Several of the Ladners’ four grown children came to the president’s house for the holidays in 1998. According to Thomas, they brought their dirty laundry in suitcases. The Ladners’ Filipino housekeeper had asked to have some vacation during the holidays.

“She came crying to me,” Thomas says. The Ladners had ordered her to work on Christmas Eve until all the clothes were washed and ironed. “She said, ‘I can’t do this anymore.’ ”

Thomas says she talked the housekeeper out of quitting, but a few weeks into January, Thomas left herself.

What forced her out was not Ben Ladner’s screaming at her that some packages of toilet paper stored in the garage might cause the “First Lady” to get dust on her fur coat, nor calls at 5 am from Mrs. Ladner about spaghetti strands left in the sink.

“She called me on New Year’s Day and demanded to know what had happened to a certain bottle of Champagne,” Thomas recalls. “The implication was I had taken it. I had to quit.”

Under chair Bill Jacobs, AU’s board rewarded Ben Ladner handsomely. Jacobs joked to other board members that he and Ladner figured his annual compensation “on the back of an envelope.”

In fact, the board’s compensation committee adjusted his salary and benefits annually, according to records obtained by The Washingtonian. Ladner’s base salary had started at $225,000 in 1994 and was increased to $295,000 in 1997, then to $325,000 in 1998.

Ladner’s big break came in 1999.

Jacobs sent a confidential letter to AU finance chief Don Myers authorizing him to pay Ladner $365,000 in base salary, $148,000 in the annual contribution to his life-insurance policy, $100,000 incentive compensation (“paid to him immediately”), $91,250 in deferred incentive, and a past-due accumulated payment of $47,362. On top of those payments, Jacobs told Myers to establish a “deferred-compensation retention program” with $400,000 that Ladner could collect after five years.

The total topped $1 million, counting the $400,000 that would be waiting for Ladner in 2004.

The board gave Ladner another raise in 2000: $410,000 base; $145,000 bonus; $102,500 deferred compensation; $109,000 split-dollar contribution to his life-insurance policy. Total: $766,500. In 2001 Ladner’s compensation package totaled $846,500.

Though American University was a mid­­size campus—with 11,000 students, in­clud­ing a law school and a few graduate pro­grams—it was paying its president Ivy League wages. Richard C. Levin, president of Yale University, made $600,000 in 2003.

George Collins replaced Bill Jacobs as board chair in 2001. Collins had retired from the top job at T. Rowe Price, sailed around the world, and at Ladner’s urging agreed to run the AU board.

Leslie Bains became vice chair, again with Ladner’s backing. An AU graduate who had become one of the leading women in the private-banking business, she had put in many years with HSBC North America and Chase. When Ladner came to court her for a spot on the board in 1994, she was responsible for $25 billion in assets for Republic National Bank.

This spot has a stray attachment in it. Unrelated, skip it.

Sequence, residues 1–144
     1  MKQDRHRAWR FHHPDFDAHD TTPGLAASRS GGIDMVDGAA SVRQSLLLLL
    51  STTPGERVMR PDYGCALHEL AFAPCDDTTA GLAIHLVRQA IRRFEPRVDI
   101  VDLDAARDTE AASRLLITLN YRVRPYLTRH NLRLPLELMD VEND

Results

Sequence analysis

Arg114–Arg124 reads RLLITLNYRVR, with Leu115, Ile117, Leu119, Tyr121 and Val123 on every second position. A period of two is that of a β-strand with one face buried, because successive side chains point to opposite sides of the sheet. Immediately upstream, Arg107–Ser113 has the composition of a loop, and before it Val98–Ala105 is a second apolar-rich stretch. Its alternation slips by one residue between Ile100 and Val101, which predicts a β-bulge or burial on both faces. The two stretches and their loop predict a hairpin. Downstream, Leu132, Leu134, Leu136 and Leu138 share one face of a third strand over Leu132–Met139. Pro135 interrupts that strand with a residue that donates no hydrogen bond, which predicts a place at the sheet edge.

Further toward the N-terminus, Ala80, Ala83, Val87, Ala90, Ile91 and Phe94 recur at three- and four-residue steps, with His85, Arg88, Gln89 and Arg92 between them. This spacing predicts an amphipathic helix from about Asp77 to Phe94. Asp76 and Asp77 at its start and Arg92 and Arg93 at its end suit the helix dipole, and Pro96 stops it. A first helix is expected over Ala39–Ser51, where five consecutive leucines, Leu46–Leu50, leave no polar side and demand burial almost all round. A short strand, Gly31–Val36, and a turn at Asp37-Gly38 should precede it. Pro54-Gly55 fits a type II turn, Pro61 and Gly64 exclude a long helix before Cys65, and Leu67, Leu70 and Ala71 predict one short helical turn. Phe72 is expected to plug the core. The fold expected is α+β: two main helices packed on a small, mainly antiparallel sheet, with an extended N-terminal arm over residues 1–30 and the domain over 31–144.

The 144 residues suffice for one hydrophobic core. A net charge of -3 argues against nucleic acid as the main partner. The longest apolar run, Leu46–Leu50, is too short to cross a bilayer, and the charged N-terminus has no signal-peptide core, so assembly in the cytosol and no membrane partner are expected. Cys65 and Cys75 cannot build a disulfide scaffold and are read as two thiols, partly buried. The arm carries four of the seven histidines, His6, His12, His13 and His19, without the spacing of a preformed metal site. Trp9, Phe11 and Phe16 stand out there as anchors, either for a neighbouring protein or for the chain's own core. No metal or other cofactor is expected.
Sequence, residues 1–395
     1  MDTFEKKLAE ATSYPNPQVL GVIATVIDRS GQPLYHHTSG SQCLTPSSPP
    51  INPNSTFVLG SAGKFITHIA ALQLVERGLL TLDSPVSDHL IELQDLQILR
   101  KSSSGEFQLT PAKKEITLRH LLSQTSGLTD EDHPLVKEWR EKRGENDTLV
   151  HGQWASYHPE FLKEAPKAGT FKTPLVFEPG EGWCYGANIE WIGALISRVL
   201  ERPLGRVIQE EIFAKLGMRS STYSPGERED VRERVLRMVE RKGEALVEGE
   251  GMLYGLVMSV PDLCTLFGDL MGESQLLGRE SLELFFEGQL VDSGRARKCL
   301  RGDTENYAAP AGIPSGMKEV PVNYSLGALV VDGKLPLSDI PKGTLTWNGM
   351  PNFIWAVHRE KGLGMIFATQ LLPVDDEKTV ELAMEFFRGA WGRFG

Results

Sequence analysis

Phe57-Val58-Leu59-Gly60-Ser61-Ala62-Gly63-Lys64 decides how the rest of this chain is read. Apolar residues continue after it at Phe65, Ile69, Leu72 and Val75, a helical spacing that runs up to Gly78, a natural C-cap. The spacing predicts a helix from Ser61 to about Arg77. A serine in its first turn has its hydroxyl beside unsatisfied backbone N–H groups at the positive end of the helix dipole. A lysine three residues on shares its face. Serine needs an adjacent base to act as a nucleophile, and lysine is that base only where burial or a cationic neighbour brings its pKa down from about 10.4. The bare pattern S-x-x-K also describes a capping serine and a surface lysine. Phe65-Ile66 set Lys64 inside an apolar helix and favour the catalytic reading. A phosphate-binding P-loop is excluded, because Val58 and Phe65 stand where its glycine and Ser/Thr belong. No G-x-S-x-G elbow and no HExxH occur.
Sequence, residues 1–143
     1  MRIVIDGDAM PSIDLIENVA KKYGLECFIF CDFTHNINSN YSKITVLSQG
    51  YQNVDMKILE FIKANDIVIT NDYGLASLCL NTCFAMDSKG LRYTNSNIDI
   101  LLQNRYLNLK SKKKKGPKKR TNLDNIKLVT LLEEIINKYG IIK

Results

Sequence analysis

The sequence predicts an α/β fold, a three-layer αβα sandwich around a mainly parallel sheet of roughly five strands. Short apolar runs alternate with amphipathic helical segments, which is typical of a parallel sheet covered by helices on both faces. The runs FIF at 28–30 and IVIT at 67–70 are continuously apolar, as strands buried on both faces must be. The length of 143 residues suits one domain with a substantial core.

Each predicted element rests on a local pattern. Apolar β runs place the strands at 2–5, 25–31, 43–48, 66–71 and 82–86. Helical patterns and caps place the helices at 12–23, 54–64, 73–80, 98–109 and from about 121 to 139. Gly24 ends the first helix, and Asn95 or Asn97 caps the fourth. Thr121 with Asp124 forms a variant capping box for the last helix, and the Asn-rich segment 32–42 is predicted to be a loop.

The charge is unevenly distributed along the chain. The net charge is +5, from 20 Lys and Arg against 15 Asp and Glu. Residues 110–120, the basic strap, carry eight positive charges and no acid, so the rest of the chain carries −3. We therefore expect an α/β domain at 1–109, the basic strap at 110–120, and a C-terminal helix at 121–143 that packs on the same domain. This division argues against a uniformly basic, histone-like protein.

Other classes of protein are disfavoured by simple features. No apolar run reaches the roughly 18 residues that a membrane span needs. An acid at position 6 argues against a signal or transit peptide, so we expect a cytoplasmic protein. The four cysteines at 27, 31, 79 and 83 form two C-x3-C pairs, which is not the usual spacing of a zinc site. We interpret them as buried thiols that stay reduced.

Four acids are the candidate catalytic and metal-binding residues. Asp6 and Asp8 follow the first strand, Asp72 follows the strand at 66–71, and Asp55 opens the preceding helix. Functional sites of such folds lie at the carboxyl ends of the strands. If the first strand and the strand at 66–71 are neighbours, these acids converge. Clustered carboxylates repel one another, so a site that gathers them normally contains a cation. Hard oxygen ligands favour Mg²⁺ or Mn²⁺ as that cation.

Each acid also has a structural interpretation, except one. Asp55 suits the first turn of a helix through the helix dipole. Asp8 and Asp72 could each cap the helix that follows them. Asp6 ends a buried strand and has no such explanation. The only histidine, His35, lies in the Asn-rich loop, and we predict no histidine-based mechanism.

“He seemed to have a plan for leadership,” says Bains. “He was charming.”

Bains was not charmed by Bill Jacobs, whom she found controlling. “His way or the highway,” she says. She was also disappointed at the AU board’s lack of interaction with students and faculty, who made cameo appearances at some board meetings. She suggested to Ladner that the board have dinner meetings with students.

“I don’t think it would work,” he said.

In remaking the board, Ladner also brought on Paul Martin Wolff, a top litigator with Williams & Connolly.

Collins, Bains, and Wolff became friends with Ladner. They socialized and did favors for one another. Wolff chose Ladner to speak at an award ceremony for him. Bains asked him to give a speech at a New York event for bankers after the September 11 attacks. “He was terrific,” she says.

But Collins, Bains, and Wolff came to board meetings with high expectations for accountability. Collins, a graduate of Virginia Military Institute, had served as a squadron commander in the Air Force and gotten his MBA at American. He joined the AU board in 1986 and had been on hand for the Berendzen debacle, during which his advice to the chair was “Shoot him on the spot”—fire him for cause, no parachute.

A sailor, a self-made man, and an athlete in his mid-sixties, Collins didn’t have time for frills. When he heard people refer to Nancy Ladner as First Lady, he said, “As far as I know, there’s only one First Lady, and she serves in the White House. We have to strip that from our vocabulary.”

B en Ladner devoted lots of time to international projects, in particular one with the American University of Sharjah in the United Arab Emirates. He landed a multimillion-dollar contract for AU to help manage the university. He and his wife visited the Persian Gulf nation once or twice a year. He got a seat on the Sharjah board for Leslie Bains.

The three stopped in London on the way back from Sharjah in February 2004.

“How long are you staying in London?” Nancy Ladner asked Bains.

Bains was leaving the next morning so she could attend meetings in New York.

“Too bad,” Nancy Ladner said. “We’re spending a few days. Can we give you a lift to the hotel?”